Arginase activity differs with allergen in the effector phase of ovalbumin- versus trimellitic anhydride-induced asthma

Amy L. Greene, Mark S Rutherford, Ronald R. Regal, Gail H. Flickinger, Julie A Hendrickson, Cecilia Giulivi, Margaret E. Mohrman, Daniel G. Fraser, Jean F Regal

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30 Scopus citations


Both trimellitic anhydride (TMA), a small molecular weight chemical, and ovalbumin (OVA), a reference protein allergen, cause asthma with eosinophilia. To test the hypothesis that different allergens elicit symptoms of asthma via different effector pathways, gene expression was compared in lungs of Balb/c mice sensitized with either TMA or OVA, followed by intratracheal challenge with TMA conjugated to mouse serum albumin (TMA-MSA) or OVA, respectively. Sensitized animals challenged with mouse serum albumin (MSA) alone were controls. Seventy-two hours after challenge, lung eosinophil peroxidase indicated that both allergens caused the same significant change in eosinophilia. Total RNA was isolated from lung lobes of 6-8 animals in each of four treatment groups and hybridized to Affymetrix U74Av2 GeneChips. False discovery rates (q-values) were calculated from an overall F test to identify candidate genes with differences in expression for the four groups. Using a q-value cutoff of 0.1, 853 probe sets had significantly different expression across the four treatment groups. Of these 853 probe sets, 376 genes had an Experimental/Control ratio of greater than 1.2 or less than 1/1.2 for either OVA- or TMA-treated animals, and 249 of the 376 genes were uniquely up- or down-regulated for OVA or TMA (i.e., differentially expressed with the allergen). qRT-PCR analysis of selected transcripts confirmed the gene expression analysis. Increases in both arginase transcript and enzyme activity were significantly greater in OVA-induced asthma compared to TMA-induced asthma. These data suggest that pathways of arginine metabolism and the importance of nitric oxide may differ in OVA- and TMA-induced asthma.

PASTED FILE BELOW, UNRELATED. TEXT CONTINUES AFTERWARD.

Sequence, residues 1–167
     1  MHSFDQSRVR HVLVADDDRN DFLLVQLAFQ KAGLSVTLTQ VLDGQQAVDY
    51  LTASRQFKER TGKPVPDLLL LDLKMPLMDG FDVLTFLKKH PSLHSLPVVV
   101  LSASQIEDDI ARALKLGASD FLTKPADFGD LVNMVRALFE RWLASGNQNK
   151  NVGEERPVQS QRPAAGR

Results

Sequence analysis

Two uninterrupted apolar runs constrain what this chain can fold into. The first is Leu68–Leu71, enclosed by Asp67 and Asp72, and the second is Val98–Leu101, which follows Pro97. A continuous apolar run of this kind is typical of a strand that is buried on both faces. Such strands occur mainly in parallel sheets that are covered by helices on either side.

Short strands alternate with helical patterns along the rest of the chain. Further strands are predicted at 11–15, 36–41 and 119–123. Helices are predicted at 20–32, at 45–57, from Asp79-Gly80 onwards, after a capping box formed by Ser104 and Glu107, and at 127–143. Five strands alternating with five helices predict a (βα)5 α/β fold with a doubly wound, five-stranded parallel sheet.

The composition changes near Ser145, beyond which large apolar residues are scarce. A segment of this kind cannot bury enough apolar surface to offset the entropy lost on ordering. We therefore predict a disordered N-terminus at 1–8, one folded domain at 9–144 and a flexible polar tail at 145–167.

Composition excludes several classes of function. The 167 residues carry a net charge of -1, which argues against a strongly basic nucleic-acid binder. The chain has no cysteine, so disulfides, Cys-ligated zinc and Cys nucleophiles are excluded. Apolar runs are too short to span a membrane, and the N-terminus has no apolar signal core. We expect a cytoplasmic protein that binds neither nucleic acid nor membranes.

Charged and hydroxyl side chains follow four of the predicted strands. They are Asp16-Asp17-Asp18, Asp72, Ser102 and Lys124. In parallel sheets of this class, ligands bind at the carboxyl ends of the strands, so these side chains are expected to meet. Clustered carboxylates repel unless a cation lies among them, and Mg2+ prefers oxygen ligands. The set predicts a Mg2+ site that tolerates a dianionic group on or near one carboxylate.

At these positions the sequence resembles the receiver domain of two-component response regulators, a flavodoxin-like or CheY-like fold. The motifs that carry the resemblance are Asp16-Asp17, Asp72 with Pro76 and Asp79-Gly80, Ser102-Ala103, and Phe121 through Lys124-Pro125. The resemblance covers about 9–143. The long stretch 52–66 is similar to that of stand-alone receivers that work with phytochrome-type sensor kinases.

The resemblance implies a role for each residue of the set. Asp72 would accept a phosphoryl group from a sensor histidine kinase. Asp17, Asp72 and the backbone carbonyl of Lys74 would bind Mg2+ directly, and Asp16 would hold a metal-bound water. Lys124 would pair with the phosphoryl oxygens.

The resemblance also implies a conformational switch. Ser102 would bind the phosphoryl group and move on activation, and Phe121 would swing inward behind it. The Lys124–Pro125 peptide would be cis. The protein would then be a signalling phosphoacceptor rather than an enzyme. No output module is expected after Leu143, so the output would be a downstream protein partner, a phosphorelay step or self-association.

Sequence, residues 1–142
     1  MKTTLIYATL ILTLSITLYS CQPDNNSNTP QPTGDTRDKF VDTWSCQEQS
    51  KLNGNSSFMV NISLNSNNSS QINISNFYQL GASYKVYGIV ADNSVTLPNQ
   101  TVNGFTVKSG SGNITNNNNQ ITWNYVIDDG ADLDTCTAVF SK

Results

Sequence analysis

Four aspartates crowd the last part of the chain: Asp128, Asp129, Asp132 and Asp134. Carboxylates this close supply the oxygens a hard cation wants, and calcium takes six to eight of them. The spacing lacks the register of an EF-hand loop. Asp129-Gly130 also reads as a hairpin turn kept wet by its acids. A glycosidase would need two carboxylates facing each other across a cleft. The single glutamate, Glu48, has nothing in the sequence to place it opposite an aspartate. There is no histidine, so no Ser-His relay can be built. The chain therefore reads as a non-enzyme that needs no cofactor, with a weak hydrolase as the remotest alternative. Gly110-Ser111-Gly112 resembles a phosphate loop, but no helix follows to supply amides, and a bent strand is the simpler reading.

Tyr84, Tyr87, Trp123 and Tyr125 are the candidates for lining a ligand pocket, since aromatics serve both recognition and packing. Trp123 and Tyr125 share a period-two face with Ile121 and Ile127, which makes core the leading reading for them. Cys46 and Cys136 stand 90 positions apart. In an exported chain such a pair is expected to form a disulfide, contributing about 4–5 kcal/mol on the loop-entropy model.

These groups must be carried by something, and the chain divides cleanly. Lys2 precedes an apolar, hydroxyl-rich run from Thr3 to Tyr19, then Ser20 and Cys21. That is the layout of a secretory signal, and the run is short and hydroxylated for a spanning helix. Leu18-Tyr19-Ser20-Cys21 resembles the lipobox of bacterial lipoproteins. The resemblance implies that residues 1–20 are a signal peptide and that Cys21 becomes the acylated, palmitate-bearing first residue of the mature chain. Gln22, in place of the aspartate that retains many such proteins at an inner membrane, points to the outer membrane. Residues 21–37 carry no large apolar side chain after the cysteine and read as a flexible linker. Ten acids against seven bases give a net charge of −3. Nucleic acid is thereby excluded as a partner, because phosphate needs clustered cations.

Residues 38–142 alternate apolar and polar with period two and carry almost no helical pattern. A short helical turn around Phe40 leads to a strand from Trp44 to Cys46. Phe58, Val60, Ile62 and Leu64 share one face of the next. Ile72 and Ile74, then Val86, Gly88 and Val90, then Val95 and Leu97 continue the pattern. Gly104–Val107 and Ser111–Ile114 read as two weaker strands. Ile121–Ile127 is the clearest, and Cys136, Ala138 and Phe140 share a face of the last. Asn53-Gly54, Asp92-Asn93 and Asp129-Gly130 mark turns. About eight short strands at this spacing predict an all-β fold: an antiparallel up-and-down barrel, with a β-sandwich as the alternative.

Original languageEnglish (US)
Pages (from-to)420-433
Number of pages14
JournalToxicological Sciences
Issue number2
StatePublished - Dec 2005

Bibliographical note

Funding Information:
The excellent statistical assistance of Mingqian Duan is acknowledged. This work was supported in part by a grant from the U.S. Army Medical Research Acquisition Activity DAMD 17–02–1–0191. The U.S. Army Medical Research Acquisition Activity, 820 Chandler Street, Fort Detrick MD 21702– 5014 is the awarding and administering acquisition office for this award. In addition, the support of the Supercomputing Institute of the University of Minnesota was essential to completion of this project. Conflict of interest: none declared.


  • Allergy
  • Eosinophils
  • Lung
  • Nitric oxide
  • Rodent


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